Since the 1820s, Mexico had been introducing restrictions on slavery, eventually outlawing the brutal practice entirely in 1829. However, governmental censuses and reports from Texas indicated that the orders had been largely ignored, and that many of the American settlers still owned slaves. In response, the Mexican government outlawed American immigration into Mexico in 1830, leading to the rebellion and eventual freedom from Mexico in 1836.
Most settlers in Texas had hoped to be quickly annexed by the US following the rebellion. If they had, it is likely that Texas would have seen the majority of its land appropriated by the federal government in a manner similar to other Western territories at the time. However, the issue of slavery again resulted in trouble for Texas.
The 1830s were a contentious time in American politics, with the government attempting to maintain a delicate balance between slave holding states in the South and free states in the North. Continued western expansion was a threat to this balance, and the Texas bid for annexation was largely defeated due to fear that the admission of a large slave holding state in the West would upset the compromises already in place in the Union. Texas, unable to enter the Union, became an independent Republic.
The Republic of Texas’ borders had an outline very different from that of modern Texas. Its eastern boundary was largely similar, though it’s southern boundary was in some dispute with Mexico, who refused to recognize Texas’ independence. Its western and northern borders, however, stretched out to encompass Oklahoma, Kansas, Colorado, Wyoming, and New Mexico.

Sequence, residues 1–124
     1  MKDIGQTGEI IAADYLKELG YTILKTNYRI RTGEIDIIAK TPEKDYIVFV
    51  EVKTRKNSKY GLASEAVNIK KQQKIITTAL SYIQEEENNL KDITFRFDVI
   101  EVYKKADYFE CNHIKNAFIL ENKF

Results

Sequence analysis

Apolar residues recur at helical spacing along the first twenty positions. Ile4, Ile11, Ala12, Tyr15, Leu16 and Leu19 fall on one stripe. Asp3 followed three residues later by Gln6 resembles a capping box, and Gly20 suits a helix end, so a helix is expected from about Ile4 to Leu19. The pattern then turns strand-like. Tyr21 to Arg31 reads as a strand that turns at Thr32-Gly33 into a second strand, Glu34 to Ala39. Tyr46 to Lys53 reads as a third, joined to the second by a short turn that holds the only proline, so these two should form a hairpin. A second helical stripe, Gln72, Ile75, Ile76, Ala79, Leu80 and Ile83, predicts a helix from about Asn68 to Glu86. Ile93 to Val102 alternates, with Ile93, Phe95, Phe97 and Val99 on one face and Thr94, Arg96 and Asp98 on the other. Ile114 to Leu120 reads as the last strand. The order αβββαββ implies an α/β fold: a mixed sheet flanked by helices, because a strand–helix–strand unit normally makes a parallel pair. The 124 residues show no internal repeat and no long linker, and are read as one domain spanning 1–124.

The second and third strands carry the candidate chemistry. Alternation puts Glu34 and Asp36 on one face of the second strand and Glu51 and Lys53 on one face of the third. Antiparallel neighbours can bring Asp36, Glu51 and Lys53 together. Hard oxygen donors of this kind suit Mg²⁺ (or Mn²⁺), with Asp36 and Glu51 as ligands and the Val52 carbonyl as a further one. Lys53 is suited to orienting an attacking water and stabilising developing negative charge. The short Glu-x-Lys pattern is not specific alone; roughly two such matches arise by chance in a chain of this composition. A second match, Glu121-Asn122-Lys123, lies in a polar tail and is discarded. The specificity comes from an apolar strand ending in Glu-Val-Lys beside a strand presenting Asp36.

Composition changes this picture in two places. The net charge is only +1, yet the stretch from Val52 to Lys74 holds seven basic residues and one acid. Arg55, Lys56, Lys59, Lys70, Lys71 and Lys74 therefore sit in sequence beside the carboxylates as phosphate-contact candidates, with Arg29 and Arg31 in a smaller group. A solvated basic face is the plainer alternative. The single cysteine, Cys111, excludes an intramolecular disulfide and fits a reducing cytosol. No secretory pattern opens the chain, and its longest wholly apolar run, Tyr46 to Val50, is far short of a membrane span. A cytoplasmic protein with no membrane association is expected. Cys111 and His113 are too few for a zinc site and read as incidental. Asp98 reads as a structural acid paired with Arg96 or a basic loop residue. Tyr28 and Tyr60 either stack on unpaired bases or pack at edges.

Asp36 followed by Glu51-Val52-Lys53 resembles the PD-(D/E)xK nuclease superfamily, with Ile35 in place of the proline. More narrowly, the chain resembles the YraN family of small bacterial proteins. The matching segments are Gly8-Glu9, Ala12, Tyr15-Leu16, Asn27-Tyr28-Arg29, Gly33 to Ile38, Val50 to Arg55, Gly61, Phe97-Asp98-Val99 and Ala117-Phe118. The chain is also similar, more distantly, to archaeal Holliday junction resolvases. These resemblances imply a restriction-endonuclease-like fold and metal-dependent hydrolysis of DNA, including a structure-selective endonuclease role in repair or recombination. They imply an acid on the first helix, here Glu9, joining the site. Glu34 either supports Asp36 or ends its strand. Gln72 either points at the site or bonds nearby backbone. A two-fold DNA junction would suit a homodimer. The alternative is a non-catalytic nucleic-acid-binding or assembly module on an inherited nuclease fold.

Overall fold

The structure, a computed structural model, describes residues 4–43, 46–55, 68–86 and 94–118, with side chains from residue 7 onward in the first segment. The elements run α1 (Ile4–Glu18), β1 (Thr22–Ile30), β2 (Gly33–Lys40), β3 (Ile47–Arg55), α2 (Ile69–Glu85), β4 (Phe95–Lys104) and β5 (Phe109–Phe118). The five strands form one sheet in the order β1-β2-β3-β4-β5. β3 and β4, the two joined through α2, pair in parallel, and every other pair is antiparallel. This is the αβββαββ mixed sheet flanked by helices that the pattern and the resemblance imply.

The majority of the Republic was unsettled, and as such, much of the land was owned by the new Republic.
The Republic attempted to entice new settlers with grant programs and relatively cheap land costs, although the uncertainty of the Republic’s future, continued wars with Native Americans, and the ever present threat of war with Mexico greatly reduced immigration.
As a result of low immigration, Texas was unable to maintain a sufficient tax base, resulting in the young Republic being saddled with crushing debt.
By the mid-1840s, the political situation regarding Texas had changed. In Washington, William Henry Harrison had died and his vice president, John Tyler, had come to power.
Originally a Whig, Tyler had been expelled from his party for disloyalty, and came into the presidency as an independent. Seeking to gain a solid power base, Tyler had become sympathetic to the slave states and hoped to curry favor with southerners by helping to protect and expand slavery.
More specifically in Texas, Tyler saw the opportunity to endear himself to a large potential voting block by helping them to gain statehood. Indeed, Tyler would come to see the annexation of Texas as a primary goal of his presidency.